Like a ship lost at sea
I still don’t know what I am, but I know what I’m not.
Our personal political beliefs are often a function of social disposition. The friendships you form and the cliques you find lead you to a certain outlook, as you exchange ideas and share experiences — what you think, and ultimately believe, is tied to who you interact with.
Of course, this is really just about myself. I’m presuming that what is true for me must be true as a general rule. All of my beliefs seemed grounded in something, but in retrospect so much has been misguided. I’m only eighteen, going on nineteen — I’ve thought too much, found too much of it wrong. Was I really thinking? Who did I listen to, who didn’t I listen to? Why was someone as anxious as I was so emboldened to speak in support of people and ideas that have become increasingly distant from me?
Here’s a story you haven’t heard before. I grew up in a conservative environment — as a kid, I said awful, bigoted things to some of the few friends I had, and physically hurt them too. Now, I define myself in opposition to that environment. I still don’t know what I am, but I know what I’m not. I’ve presumed to know too much, and there’s a world of noise which distracts from being kind to all.
I joined the Liberal Democrats, a small right-libertarian party, at sixteen. I left to join the Liberals shortly after. They accepted me after I sent them my blog, despite a general rule that one must wait a while after leaving another party to join the Liberal Party. Honi accepted me after I sent a few articles from the same blog and hid many others. Funny that.
I’ve written to many politicians over the years. Some of them were, and continue to be, disgraceful, and some of the views I expressed were too. Mark Latham wrote back to me the first time I emailed him; I got his secretary when I wrote a while later, cautioning him against his transphobic views. Conscience develops slowly, it seems.
I can only explain where I am today by explaining the people I know. Friends who are kind, receptive, so amazing — and politically progressive. In this way of thinking, there is self-betterment, something elusive within the reflexive dismissiveness of change endemic to conservatism. If it weren’t for them, where would I be? There is hope and joy, deserting the past to live as a rolling stone, defining yourself as you realise you wish to be defined as you go along. Who has opened your eyes, or freed your conscience?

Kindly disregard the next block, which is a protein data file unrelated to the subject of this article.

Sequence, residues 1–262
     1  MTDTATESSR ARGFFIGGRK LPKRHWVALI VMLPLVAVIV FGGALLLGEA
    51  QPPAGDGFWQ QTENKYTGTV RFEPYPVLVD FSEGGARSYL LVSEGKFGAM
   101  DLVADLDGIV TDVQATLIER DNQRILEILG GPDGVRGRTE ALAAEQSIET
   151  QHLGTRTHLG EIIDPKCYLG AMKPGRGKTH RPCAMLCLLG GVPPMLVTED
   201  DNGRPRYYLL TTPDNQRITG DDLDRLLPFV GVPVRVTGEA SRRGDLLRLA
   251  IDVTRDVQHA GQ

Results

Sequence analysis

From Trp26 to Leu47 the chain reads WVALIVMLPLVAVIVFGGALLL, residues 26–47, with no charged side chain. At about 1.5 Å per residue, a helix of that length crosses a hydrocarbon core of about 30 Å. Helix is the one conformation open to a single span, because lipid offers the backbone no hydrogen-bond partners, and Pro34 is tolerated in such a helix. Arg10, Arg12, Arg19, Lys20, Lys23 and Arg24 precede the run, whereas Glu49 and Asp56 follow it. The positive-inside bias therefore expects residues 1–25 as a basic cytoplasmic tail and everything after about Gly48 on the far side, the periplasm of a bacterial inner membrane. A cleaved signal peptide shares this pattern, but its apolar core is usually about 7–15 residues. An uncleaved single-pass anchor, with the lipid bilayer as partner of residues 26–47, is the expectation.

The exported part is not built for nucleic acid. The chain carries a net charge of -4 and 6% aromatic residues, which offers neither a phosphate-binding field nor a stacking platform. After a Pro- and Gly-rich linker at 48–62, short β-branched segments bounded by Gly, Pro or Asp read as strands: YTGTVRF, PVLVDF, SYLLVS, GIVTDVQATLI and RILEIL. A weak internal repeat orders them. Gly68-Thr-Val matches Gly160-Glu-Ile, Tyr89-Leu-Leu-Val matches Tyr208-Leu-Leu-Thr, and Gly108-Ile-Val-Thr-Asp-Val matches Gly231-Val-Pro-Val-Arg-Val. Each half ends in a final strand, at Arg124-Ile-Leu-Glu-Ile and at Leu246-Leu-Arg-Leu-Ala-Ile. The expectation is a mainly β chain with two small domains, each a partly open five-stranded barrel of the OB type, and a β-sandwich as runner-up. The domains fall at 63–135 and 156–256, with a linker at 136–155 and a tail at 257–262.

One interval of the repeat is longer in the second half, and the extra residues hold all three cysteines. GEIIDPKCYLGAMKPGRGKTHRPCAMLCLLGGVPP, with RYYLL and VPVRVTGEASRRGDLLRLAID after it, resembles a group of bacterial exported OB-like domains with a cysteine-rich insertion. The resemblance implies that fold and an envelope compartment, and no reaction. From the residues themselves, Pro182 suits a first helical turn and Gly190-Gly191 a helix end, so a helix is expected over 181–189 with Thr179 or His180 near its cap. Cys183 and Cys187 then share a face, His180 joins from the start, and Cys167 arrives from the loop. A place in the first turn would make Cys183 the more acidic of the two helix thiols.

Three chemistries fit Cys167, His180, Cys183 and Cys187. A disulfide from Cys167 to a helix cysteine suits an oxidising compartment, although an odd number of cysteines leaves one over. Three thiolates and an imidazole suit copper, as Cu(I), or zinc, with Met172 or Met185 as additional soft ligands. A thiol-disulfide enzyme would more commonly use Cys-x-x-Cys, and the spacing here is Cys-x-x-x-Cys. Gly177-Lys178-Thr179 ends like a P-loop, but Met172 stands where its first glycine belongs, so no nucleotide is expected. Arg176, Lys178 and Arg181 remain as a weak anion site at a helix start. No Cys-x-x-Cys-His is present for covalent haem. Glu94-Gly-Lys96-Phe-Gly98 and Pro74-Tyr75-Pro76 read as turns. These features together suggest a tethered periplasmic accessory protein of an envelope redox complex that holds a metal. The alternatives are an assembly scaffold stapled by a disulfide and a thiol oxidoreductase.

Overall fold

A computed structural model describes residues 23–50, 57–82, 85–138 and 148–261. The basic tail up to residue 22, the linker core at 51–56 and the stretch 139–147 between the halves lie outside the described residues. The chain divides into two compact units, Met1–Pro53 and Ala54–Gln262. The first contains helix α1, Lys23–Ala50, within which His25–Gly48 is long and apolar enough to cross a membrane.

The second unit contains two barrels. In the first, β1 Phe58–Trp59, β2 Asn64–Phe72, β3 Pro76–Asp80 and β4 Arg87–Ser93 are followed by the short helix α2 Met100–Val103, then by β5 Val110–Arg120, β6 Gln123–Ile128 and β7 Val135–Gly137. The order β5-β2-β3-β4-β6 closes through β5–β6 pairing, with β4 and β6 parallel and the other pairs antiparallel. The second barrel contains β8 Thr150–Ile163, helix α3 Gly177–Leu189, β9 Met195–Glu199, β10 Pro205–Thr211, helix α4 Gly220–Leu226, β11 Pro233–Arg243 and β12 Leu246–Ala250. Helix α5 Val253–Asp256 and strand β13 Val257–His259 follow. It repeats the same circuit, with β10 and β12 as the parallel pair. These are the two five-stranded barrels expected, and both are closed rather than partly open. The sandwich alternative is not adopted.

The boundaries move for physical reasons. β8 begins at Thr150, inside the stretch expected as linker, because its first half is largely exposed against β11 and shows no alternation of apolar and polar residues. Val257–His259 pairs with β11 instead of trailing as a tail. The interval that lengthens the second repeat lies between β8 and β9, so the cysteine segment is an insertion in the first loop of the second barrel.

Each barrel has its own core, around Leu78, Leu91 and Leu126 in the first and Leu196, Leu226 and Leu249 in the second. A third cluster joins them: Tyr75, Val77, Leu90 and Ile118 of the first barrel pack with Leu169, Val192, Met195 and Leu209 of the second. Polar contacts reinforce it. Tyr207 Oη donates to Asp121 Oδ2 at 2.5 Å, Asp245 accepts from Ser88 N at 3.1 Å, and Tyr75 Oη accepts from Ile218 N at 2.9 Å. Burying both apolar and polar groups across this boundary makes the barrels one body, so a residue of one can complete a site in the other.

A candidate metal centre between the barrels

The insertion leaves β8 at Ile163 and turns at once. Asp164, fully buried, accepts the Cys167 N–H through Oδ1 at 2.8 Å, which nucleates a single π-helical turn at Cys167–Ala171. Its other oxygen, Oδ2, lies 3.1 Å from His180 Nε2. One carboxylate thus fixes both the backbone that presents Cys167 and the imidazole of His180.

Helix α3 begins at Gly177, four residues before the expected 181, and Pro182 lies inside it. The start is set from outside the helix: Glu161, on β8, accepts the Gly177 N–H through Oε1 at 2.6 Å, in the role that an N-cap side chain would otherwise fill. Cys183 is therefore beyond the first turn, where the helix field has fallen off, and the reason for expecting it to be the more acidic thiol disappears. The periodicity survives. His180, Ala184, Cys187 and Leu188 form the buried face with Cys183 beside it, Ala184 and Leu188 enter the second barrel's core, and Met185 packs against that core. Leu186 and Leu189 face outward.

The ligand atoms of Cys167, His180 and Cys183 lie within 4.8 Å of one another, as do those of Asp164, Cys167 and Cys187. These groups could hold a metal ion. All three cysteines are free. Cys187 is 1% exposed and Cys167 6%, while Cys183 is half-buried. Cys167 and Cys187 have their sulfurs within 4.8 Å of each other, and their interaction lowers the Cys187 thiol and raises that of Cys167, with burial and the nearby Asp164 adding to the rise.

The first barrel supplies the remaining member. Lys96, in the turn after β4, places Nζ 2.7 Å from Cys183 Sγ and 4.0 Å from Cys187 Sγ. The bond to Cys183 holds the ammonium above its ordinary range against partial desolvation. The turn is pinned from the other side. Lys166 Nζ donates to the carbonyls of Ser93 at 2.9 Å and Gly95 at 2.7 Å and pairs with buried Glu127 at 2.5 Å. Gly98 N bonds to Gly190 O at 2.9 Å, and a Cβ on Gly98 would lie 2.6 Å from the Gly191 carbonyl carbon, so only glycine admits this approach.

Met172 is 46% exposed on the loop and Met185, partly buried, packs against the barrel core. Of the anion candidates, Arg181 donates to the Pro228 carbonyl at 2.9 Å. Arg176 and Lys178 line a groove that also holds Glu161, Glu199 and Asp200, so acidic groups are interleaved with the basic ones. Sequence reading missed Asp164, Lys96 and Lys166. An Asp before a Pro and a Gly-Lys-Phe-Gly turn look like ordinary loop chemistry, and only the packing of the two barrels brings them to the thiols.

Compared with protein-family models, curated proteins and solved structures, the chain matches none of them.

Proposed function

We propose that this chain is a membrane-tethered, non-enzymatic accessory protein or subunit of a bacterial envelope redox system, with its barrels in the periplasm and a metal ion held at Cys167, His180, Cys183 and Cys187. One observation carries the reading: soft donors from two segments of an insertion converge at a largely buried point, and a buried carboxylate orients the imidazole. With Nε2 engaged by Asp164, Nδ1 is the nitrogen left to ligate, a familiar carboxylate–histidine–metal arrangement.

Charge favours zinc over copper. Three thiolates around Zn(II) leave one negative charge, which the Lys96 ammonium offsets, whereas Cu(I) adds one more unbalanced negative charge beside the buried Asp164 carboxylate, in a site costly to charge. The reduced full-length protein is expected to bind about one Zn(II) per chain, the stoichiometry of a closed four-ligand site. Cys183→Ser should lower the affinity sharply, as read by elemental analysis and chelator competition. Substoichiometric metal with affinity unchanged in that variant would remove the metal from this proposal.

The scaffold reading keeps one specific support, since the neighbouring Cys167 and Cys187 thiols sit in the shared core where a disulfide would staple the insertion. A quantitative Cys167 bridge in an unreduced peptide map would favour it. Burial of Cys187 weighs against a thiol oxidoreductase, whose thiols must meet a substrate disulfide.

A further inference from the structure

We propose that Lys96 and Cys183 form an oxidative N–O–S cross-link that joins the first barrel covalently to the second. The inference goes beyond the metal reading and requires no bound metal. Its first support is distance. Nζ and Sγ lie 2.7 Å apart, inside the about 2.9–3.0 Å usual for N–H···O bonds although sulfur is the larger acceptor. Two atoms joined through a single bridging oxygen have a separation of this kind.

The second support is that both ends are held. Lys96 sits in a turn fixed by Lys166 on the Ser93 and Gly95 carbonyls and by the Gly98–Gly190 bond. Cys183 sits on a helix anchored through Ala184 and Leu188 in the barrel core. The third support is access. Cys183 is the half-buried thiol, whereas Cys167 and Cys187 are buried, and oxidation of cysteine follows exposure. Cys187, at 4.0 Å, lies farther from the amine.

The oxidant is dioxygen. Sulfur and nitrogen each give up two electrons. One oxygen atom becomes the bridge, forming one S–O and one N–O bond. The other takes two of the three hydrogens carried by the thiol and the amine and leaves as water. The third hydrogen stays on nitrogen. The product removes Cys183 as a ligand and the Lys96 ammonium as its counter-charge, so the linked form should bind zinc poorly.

I was fortunate enough to cover the Trans Day of Visibility rally for Honi in heavy rain, worried my laptop in my drenched tote bag would short-circuit. Thousands of people turned up because they care about the right — whether for their own or others’ sakes — for everyone to be comfortable in their own skin, to be happy and safe. I thought of myself and the people I know for whom this right is personal. I thought of the family troubles I’ve had recently, for having a conviction for trans acceptance and liberation, for a world where people can be authentic, something that remains a radical and repulsive concept in the minds of all too many.
I have always been lost and I am still lost. I have no coherent ideological system but I know I want to do what’s right. My beliefs seem to have changed faster than the weather, but for all my shifting opinions, there are things — cultural in nature — I remain stubborn on. I have a lingering sense of support, even pride, for a system I’ve been told is responsible for our plights, but like many am frustrated by it. Moreover, I won’t ever figure out what I think on my own, because I can’t figure out who I am on my own.
To your probable relief, I’m not with the Liberals anymore. I rejected the idea of loyalty to a faceless machine and I see there was never any point to it. They serve their own interests.
All kinds of self-development follow from being truthful to ourselves. Listen to the fictional John Lennon in “Yesterday”, and “tell the truth to everyone whenever you can.” Seek out people who fascinate, interest or comfort you, and remember we’re all part of one another. In time you and I might figure it out, or realise it’s okay to feel just a little like a ship lost at sea.